Spring Cookie Season

Girl Guide Cookies are on sale now in the lower mainland. Burnaby Mountain girls are busy selling them to family and friends, going door-to-door, and out in public at skytrain stations and other blitz locations.

Recently, the girls in the 24th Burnaby Mountain Brownies got geared up for Girl Guide Cookie season by baking their own using the recipe that was used for the very first Girl Guide cookies back in 1927. Each circle had a recipe card. Written into the instructions were important steps like,”wash your hands,” and “put all ingredients away,” so that from start to finish, they were independently working together and cleaning as they went. The leaders were there only for assistance when needed.

The cookies have come a long way since they started. The 1927 cookies were mildly spiced sugar cookies. Most girls seem to like the current chocolate and vanilla (or in the fall, Chocolatey Mint) version a little better. Still, it was a lot of fun to make the originals! In the end, each girl brought home a container of cookies, and even left some behind for the school staff.


Want to try it yourself? Here is the recipe:

Christina Riespman’s 1927 Girl Guide Cookie Recipe


1 cup butter
1 cup sugar
3 Eggs
2 tablespoons cream
Pinch of salt
1 teaspoon baking soda
2 tablespoons baking powder
½ teaspoon ground cardamom
3 or more cups flour to make soft dough


  • Cream butter and sugar, Beat in eggs and cream
  • Combine salt, baking soda, baking powder, cardamom and flour
  • Sift dry into wet ingredients and mix into dough.
  • Roll and cut, using a small floured glass or cookie cutter
  • Sprinkle with sugar, then bake at moderate heat, until done.
  • Enjoy!

Look for the much more modern Chocolate and Vanilla sandwich cookies out in the community now!

Burnaby Village Museum Heritage Christmas Outing

Several units from Burnaby Mountain District visited the Burnaby Village Museum for its annual Heritage Christmas display at the end of 2014. The museum is known for putting on a great evening with live entertainment, lots of educational material from the 1920’s, and, of course, the carousel.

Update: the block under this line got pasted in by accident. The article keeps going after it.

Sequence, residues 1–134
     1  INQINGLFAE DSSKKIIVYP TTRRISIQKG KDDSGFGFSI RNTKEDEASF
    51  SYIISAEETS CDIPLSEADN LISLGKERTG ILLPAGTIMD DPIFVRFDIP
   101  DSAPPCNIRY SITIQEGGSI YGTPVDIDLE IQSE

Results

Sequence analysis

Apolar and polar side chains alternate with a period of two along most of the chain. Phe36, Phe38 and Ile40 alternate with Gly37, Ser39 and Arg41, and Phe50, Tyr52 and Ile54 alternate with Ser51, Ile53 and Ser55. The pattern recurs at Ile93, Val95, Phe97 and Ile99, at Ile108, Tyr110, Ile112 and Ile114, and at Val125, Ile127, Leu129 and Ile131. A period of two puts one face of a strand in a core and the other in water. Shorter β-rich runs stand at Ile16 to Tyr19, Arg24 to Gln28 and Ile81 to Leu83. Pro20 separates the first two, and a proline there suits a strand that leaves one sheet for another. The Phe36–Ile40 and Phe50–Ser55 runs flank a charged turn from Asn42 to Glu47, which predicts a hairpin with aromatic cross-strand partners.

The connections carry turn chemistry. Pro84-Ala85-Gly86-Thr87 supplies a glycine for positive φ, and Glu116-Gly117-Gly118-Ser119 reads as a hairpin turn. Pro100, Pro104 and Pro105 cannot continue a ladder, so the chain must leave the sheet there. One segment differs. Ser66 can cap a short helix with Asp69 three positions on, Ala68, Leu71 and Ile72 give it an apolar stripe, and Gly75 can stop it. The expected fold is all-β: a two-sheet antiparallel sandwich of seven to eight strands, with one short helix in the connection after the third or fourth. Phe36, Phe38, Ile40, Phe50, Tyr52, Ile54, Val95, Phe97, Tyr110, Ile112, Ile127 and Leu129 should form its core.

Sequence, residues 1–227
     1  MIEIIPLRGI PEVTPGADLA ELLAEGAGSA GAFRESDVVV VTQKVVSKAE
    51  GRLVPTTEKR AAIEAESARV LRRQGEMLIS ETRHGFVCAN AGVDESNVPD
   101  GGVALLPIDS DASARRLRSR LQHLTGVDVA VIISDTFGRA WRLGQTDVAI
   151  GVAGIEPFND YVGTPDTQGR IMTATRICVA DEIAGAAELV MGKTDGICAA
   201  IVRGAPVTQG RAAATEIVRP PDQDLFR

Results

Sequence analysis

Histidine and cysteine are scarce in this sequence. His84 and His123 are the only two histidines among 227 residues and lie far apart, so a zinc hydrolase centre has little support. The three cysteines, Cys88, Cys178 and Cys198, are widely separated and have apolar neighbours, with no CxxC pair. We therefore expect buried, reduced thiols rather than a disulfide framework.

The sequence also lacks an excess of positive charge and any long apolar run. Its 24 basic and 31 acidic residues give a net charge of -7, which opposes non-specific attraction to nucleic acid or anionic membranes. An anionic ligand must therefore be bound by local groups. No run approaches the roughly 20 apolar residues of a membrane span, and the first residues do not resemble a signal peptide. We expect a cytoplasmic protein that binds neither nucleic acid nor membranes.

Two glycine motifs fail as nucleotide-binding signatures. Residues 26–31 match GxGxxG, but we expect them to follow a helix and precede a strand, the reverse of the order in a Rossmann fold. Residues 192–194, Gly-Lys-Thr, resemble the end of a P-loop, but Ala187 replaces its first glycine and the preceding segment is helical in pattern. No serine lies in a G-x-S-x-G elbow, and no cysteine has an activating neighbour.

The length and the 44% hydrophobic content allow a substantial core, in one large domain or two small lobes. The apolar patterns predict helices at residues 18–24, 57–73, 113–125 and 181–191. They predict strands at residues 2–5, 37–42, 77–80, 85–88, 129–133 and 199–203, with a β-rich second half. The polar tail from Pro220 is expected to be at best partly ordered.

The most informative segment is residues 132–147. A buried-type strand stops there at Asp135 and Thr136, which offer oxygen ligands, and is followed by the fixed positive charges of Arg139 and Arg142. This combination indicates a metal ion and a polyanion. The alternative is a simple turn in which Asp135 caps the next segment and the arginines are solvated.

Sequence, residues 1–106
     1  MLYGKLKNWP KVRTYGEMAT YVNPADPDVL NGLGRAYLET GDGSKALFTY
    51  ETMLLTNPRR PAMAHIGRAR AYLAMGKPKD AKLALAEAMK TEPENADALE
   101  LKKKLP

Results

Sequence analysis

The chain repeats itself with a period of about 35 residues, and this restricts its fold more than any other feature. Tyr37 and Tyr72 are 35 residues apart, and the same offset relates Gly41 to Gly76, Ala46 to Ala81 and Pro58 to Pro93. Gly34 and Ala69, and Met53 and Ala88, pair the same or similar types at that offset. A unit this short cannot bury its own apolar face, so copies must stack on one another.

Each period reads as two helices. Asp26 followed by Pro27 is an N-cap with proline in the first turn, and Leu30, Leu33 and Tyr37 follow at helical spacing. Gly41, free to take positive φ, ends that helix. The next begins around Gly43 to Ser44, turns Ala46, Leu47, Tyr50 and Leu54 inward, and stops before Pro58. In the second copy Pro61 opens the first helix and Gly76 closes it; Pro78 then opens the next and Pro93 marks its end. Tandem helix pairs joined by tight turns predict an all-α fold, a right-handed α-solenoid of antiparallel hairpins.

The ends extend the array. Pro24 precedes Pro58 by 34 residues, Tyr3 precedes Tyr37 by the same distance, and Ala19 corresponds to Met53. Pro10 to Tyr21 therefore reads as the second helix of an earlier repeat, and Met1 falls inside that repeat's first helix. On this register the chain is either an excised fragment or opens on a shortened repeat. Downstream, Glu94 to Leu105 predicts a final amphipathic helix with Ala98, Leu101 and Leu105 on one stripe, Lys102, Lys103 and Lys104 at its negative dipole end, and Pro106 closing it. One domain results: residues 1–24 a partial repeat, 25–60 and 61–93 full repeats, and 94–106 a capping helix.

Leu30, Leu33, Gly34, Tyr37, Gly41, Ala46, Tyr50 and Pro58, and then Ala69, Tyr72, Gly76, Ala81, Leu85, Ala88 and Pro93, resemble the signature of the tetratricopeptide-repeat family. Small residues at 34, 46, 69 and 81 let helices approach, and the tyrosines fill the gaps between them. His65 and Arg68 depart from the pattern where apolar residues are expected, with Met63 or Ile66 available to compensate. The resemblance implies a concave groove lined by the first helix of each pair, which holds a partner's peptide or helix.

1 Sparks Bby Village 3There was a really fun scavenger hunt themed as the 12 days of Christmas. The clues were the words from the song and the things that “my true love gave to me” were scattered throughout in creative ways. The “four calling birds” for example, was four crows making phone calls in a store window! Shown below are some of the “nine ladies dancing”.


There were lots of lights and amazing decorations. The eco-sculptures were dressed up too. There was lots to learn about how Christmas was celebrated almost 100 years ago.1 Sparks Bby Village 11

One of the highlights of course was the ride on the beautiful traditional carousel. The girls loved riding with their friends. The horses move faster than you might think!54 Brownies Bby Village 4

We hope you enjoy these photos of the 1st Sparks and the 54th Brownies from when they went together one night. Other units visited the museum on different nights as well.

Gulf of Georgia Cannery/Richmond Guide House Sleepover

At the end of September the girls and leaders of the 54th Burnaby Mountain Brownies had an incredible overnight experience combining a tour of the Gulf of Georgia Cannery and a sleepover at Richmond Guide House.

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Some of the leaders outside the Cannery as the girls gathered for the event

Everyone met at the cannery, which is a Parks’ Canada National Historic site. Two enthusiastic tour guides took everyone around the facility, showing how salmon was fished and canned and west coast.

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The start of the tour, near a display about old time fishing techniques

It was fascinating to learn about what the conditions were like for the people working in the cannery, to see the machines, and understand some context about the west coast fishing industries.

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The girls were a rapt and well behaved audience

The girls especially enjoyed some hands-on activities designed to give them an appreciation for the weight of the fish, how they moved fish around the cannery, and even learning how much a Brownie’s weight of salmon would have been worth (answer: about $20!)

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One Brownie using a tool to move rubber fish from one bin to another. It was heavy, hard work!

After the tour the girls had a fish and chips dinner in the cannery’s ice house. A huge thank you to friend of Guiding, Dave’s Fish and Chips, who prepared our delicious meal for wonderful value. Everyone then rode the bus back to the Richmond Guide House where they settled in to the sleepover portion of the evening.

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A koi fish wind sock — fish theme, get it?

The girls worked together to cook some stone soup for mug-up, made a craft of koi fish wind socks, sang campfire songs, and went to bed (at a very reasonable time, the leaders are pleased to add!).